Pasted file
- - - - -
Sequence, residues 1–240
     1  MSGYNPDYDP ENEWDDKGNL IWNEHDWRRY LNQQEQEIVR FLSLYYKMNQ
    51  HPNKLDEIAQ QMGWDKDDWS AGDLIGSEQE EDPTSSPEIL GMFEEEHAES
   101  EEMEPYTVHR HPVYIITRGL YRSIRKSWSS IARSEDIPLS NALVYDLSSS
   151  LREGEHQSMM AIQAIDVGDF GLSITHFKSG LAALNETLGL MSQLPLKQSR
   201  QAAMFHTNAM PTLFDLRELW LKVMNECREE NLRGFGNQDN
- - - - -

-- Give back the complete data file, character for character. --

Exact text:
Sequence, residues 1–240
     1  MSGYNPDYDP ENEWDDKGNL IWNEHDWRRY LNQQEQEIVR FLSLYYKMNQ
    51  HPNKLDEIAQ QMGWDKDDWS AGDLIGSEQE EDPTSSPEIL GMFEEEHAES
   101  EEMEPYTVHR HPVYIITRGL YRSIRKSWSS IARSEDIPLS NALVYDLSSS
   151  LREGEHQSMM AIQAIDVGDF GLSITHFKSG LAALNETLGL MSQLPLKQSR
   201  QAAMFHTNAM PTLFDLRELW LKVMNECREE NLRGFGNQDN